Russia's foreign minister said Monday that Moscow was ready for a direct dialogue with Ukraine's new president, without Western mediation.
Sergey Lavrov spoke as early returns showed that billionaire candy tycoon Petro Poroshenko appeared to have won a decisive victory in Sunday's election.
Lavrov said that Russia had noted Poroshenko's statements about the importance of normalizing ties with Moscow and the need to establish a dialogue with eastern regions, where pro-Russia insurgents have seized government buildings and fought government troops.
With about 60 percent of precincts reporting early Monday, Poroshenko led a field of 21 candidates with 54 percent of the vote. Former Prime Minister Yulia Tymoshenko was running a distant second with 13 percent. Both results were in line with exit polls, which showed Poroshenko with nearly 56 percent and Tymoshenko with 13 percent.
If Poroshenko's share of the vote remains above 50 percent, he would avoid a runoff against the second-place finisher, likely Tymoshenko, June 15.
The rebels had vowed to block the ballot in the east, and less than 20 percent of the polling stations were open there after gunmen intimidated local residents by smashing ballot boxes, shutting down polling centers and issuing threats.
But nationwide, about 60 percent of 35.5 million eligible voters turned out, the central elections commission said, and long lines snaked around polling stations in the capital, Kiev.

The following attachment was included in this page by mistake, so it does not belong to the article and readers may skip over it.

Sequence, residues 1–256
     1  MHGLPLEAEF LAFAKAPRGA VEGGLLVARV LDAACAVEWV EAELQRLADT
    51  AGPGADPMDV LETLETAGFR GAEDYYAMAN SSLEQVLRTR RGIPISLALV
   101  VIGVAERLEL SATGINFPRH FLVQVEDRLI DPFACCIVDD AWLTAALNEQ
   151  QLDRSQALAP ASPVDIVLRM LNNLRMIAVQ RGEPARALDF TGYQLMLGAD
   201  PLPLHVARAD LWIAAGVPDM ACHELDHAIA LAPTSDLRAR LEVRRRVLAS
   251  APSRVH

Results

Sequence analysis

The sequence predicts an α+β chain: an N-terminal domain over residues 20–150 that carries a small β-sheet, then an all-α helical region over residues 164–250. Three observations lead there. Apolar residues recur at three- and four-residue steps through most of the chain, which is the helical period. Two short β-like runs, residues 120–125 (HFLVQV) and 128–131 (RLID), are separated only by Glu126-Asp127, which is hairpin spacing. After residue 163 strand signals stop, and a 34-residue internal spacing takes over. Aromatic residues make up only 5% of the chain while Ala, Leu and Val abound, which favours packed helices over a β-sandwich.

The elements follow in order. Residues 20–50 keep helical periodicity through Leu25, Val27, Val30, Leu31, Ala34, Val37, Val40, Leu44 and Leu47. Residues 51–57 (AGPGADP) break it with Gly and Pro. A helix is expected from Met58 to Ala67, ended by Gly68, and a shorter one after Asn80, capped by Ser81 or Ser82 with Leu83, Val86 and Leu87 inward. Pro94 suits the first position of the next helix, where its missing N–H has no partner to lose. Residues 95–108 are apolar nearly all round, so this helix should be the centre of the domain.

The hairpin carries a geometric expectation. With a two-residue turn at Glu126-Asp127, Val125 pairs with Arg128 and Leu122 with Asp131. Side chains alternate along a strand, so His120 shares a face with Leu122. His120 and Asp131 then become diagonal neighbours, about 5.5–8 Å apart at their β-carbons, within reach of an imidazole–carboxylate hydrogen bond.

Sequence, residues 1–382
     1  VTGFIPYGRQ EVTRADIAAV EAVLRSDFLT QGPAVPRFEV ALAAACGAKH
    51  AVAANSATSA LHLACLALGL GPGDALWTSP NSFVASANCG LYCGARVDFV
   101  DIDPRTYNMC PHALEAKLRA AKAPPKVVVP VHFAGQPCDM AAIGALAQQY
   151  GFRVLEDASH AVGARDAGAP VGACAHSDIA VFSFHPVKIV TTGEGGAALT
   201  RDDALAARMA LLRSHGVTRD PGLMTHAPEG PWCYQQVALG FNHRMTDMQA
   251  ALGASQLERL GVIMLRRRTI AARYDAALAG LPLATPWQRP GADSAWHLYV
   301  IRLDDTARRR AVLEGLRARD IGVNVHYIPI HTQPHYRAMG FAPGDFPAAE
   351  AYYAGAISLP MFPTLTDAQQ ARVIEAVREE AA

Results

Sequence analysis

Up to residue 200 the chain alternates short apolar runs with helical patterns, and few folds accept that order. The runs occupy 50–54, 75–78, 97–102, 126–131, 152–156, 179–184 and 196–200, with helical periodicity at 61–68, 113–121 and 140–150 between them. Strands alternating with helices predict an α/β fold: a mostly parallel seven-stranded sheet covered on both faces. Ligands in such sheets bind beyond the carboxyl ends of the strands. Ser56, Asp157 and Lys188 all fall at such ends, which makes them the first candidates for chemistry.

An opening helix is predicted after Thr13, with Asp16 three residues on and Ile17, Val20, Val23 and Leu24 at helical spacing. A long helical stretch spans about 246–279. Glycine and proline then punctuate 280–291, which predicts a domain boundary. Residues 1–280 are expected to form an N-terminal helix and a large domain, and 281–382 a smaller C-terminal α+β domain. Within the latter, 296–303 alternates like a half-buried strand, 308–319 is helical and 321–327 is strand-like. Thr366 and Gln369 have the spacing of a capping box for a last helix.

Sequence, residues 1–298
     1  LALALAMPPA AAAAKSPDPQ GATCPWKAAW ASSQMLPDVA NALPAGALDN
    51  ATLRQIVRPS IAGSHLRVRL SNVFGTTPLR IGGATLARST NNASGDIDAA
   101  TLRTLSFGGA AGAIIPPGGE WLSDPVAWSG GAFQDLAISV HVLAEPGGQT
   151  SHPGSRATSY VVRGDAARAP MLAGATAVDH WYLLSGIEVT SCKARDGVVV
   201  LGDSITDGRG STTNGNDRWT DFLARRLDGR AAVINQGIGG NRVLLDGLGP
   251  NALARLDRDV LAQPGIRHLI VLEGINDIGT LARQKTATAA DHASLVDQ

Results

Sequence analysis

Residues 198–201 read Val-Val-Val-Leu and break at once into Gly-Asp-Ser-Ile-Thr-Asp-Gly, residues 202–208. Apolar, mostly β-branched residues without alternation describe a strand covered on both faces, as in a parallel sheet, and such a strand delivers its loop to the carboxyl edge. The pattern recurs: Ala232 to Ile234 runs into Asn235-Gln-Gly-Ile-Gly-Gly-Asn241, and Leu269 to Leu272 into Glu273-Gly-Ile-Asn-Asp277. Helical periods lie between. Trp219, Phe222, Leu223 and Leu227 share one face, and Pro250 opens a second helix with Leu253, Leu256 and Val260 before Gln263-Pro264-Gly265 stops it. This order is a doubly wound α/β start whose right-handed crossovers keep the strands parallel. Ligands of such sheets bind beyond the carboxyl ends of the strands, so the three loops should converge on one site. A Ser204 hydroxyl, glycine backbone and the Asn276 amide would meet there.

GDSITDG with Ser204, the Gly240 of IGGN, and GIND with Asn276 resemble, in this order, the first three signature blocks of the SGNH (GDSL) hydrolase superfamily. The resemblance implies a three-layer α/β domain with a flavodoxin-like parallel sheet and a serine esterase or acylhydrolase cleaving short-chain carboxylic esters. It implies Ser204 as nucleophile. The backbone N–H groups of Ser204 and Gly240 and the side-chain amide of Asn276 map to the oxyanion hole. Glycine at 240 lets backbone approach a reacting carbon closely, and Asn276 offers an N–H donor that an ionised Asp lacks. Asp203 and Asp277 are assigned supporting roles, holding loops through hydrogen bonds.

On Monday, around 100 armed separatist militants seized the airport in the eastern city of Donetsk, an airport official confirmed to Fox News. Flights were canceled due to "safety reasons" as the militants demanded that Ukrainian soldiers based at the terminal leave. The official called the airport scene "a bad situation," despite the fact that no shots had been fired.
Viewing the exit polls as definitive evidence of victory, Poroshenko said his first steps as president would be to visit the Donbass eastern industrial region, home to Ukraine's coal mines. He also said he was ready to extend amnesty to those who did not commit any crimes, saying he wanted to "put an end to war, chaos, crime, and bring peace to the Ukrainian land."
"For those who are killing the people, they are terrorists, and no country in the world has any negotiations with terrorists," Poroshenko said, speaking in English.
Since the ouster of pro-Russia president Viktor Yanukovych in February, Russia has annexed the Crimea in southern Ukraine, the eastern regions of Luhansk and Donetsk have declared their independence from Kiev, and the interim Ukrainian government has launched an offensive in the east to quash an uprising that has left dozens dead.
Earlier Monday, Poroshenko also said the Kiev government would like to negotiate a new security treaty with Moscow.
Poroshenko ducked the question whether he was prepared to work with Russian President Vladimir Putin, but said meetings with Russia should be held as soon as possible.
"And I think that Russia is our neighbor. And without Russia it would be much less effective or almost impossible to speak about the security in the whole region or maybe about the global security," Poroshenko said.
Putin has promised to "respect the choice of the Ukrainian people" in the election and said he would work with the winner, in an apparent bid to ease Russia's worst crisis with the West since the Cold War and avoid a new round of Western sanctions. The interim Kiev government and the West have accused Russia of backing the separatist uprising. Moscow has denied the accusations.
Fox News' Greg Palkot and The Associated Press contributed to this report.